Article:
For Immediate Release: March 3, 2022
Contact: Braulio Agnese, email@example.com
D.C. COLLABORATION FUELED BY FAITH, BUSINESS, AND ART RECEIVES PRESTIGIOUS ACCOLADE
Murals on a historic church, painted during 2020’s summer of protests, named “best civic engagement” collaboration by 2021 Faith & Form/ID International Awards
WASHINGTON, D.C. — Created at the heart of the nation’s capital, across Lafayette Square from the White House, a 2020 artistic collaboration between historic St. John’s Church, the DowntownDC Business Improvement District (BID), and a local artists’ network has earned a top international honor from the Partners for Sacred Places and Interfaith Design, a knowledge community of the American Institute of Architects.
On September 5, 2020, the unique partnership resulted in vivid murals of love and peace on the ground-level plywood boards that covered the church’s doors and windows, painted by artists involved in the P.A.I.N.T.S. Institute collective. At the time, John Chisholm, the arts group’s visionary leader, called the project part of a “Mural March” of similar artworks across downtown D.C., part of a months-long collaboration with the BID and various property owners.
The all-day communal effort at St. John’s was named by a committee for the 2021 Faith & Form/Interfaith Design International Awards for Religious Architecture and Art as the winner of the Faith Community Civic Engagement/Visual Arts, Performing Arts and Other Creative Collaborations category.
Throughout summer 2020, boards protected the priceless stained-glass windows of the 1816 church from the protests and unrest that were taking place in the streets near the White House. The U.S. was reeling from the police murders of George Floyd in Minneapolis and Breonna Taylor in Louisville, and a contentious presidential election was looming. St. John’s became an unwitting player in the drama after then–President Donald Trump hoisted a Bible on the grounds of St. John’s for a photo op seen around the world.
Adorning the plywood with positive messages was “the chance to shine a light of love, hope, empowerment and encouragement at a time and a place where it was needed,” said the Rev. Rob Fisher, St. John’s rector. “We flipped the function of our windows: Instead of having the beautiful light going inward through stained glass, we sent light and art flowing outward, and it has been a blessing to literally thousands upon thousands who have been to this corner of Black Lives Matter Plaza.” The church sits at the southern end of a two-block stretch of 16th Street NW where D.C. Mayor Muriel Bowser had city employees paint the social justice slogan in large yellow letters on the four-lane road.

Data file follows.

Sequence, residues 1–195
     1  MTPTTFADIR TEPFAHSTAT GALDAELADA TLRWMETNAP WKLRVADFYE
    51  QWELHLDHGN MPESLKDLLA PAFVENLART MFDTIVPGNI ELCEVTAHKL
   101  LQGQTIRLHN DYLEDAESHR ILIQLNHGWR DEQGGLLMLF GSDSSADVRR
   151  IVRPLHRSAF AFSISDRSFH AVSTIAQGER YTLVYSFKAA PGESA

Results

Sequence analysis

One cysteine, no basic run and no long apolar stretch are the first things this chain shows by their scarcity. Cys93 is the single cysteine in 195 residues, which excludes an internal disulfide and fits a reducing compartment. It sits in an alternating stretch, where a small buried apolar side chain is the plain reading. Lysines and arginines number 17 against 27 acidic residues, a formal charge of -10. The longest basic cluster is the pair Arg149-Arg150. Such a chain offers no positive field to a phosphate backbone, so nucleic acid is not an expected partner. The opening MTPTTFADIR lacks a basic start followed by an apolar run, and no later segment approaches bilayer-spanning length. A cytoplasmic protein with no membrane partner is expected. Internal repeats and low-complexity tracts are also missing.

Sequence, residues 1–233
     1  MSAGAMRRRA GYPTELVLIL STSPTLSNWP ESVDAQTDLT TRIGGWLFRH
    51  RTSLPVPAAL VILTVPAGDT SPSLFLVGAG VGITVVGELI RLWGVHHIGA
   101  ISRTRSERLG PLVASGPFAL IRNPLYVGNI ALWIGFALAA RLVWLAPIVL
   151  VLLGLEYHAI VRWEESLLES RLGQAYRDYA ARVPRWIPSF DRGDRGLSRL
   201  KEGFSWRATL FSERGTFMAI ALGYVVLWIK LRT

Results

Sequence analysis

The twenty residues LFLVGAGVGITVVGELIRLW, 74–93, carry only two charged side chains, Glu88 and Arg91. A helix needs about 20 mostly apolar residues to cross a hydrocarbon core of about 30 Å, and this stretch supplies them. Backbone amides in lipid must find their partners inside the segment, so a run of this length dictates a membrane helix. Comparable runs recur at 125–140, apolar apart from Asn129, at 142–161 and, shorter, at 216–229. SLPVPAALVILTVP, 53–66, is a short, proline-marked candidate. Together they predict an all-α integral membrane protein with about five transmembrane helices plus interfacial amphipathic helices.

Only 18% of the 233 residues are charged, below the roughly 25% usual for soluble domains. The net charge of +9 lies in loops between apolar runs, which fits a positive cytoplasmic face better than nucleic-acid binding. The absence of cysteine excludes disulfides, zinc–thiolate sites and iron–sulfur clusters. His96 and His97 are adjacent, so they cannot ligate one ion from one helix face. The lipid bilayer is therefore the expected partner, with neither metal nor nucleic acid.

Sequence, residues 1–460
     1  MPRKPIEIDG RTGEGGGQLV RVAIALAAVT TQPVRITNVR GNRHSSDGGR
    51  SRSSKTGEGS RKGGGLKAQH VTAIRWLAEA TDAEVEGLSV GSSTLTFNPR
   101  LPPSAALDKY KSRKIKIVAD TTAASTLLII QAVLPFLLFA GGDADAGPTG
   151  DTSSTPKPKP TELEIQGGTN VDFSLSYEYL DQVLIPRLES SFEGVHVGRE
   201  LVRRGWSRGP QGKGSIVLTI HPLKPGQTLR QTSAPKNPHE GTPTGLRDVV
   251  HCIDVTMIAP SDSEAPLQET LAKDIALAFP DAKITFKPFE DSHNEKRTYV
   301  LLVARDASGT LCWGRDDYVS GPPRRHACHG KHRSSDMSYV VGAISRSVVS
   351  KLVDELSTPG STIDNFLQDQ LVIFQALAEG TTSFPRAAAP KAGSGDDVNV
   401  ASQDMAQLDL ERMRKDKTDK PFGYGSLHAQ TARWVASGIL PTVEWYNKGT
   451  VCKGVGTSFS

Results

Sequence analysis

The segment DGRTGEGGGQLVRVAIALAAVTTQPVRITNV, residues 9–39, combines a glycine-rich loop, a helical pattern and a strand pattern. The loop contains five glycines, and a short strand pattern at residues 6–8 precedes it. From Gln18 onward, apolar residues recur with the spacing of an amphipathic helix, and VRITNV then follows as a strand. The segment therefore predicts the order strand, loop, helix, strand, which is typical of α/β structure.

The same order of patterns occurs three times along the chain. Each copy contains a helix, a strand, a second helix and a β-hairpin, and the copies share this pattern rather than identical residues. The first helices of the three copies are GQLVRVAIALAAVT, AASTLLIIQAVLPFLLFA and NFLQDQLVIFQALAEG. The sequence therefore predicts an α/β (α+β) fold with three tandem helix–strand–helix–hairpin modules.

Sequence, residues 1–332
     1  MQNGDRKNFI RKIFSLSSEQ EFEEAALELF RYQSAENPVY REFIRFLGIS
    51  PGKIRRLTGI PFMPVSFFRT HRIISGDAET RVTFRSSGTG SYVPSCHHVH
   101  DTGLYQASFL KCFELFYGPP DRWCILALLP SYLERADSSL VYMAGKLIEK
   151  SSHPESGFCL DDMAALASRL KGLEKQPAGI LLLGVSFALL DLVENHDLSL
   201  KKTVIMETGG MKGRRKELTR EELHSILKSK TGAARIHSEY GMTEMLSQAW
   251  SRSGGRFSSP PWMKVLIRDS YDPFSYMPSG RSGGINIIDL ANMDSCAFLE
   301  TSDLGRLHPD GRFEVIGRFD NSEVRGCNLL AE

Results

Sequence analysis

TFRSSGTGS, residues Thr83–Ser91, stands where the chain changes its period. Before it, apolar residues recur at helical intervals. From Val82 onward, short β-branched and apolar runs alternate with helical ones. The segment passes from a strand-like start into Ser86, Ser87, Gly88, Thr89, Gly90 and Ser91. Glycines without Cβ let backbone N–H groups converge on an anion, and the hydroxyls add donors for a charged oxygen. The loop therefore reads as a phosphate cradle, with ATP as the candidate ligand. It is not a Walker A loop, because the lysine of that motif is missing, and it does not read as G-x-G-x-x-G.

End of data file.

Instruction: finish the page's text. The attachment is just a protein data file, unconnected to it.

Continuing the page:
“It is fitting and right that one of the final acts of our partnership with P.A.I.N.T.S. included the iconic St. John’s Church, a place of deep U.S. and local history,” said Gerren Price, Acting President and CEO of the DowntownDC BID. “We are honored that this collaboration has been recognized as a significant moment that united faith, arts, and activism.”
The event was largely the vision of Chisholm, a business consultant who formed the P.A.I.N.T.S. Institute in 2016 to nurture entrepreneurship for local artists and to provide STEM and arts-based training for underserved communities. Among their many activities, P.A.I.N.T.S. artists had already partnered with the BID to enliven plywood-covered storefronts across downtown with symbols of unity and reclamation. Chisholm’s sudden death in February 2021 left all who knew him reeling. Although the P.A.I.N.T.S. Institute no longer exists, the artists he mentored and inspired came together to create a new nonprofit called the Hue2 Foundation. Before his passing, Chisholm had negotiated for spacious new environs for his group in downtown D.C. and spent his last hours of life there. Hue2 is determined to continue realizing Chisholm’s vision.
The St. John’s murals project will be recognized at Interfaith Design’s reception at the American Institute of Architects’ Annual Conference in Chicago. It will also be noted in the May issue of Sacred Places / Faith & Form Magazine.
Noted one of the award jurors: “At a time of racial strife, instead of ‘circling the wagons’ this church and its collaborators reached out to the community at the scale of the city and the nation. They changed the narrative and made something very positive out of a very negative act. … the work here is historic. It brings multiple voices to this place.”
About DowntownDC Business Improvement District (BID)
The DowntownDC BID was founded in 1997 and is a private non-profit organization that provides capital improvements, resources and research that keep the BID area clean, safe, economically and environmentally strong and accessible. The BID is a catalyst, facilitator and thought leader in diversifying the economy, promoting public/private partnerships and enhancing the DowntownDC experience for all. This special district, where property owners have agreed to tax themselves to fund services, encompasses a 138-block area of approximately 520 properties from Massachusetts Avenue on the north to Constitution Avenue on the south, and from Louisiana Avenue on the east to 16th Street on the west. For more information, visit www.downtowndc.org or follow us on Twitter @downtowndcbid.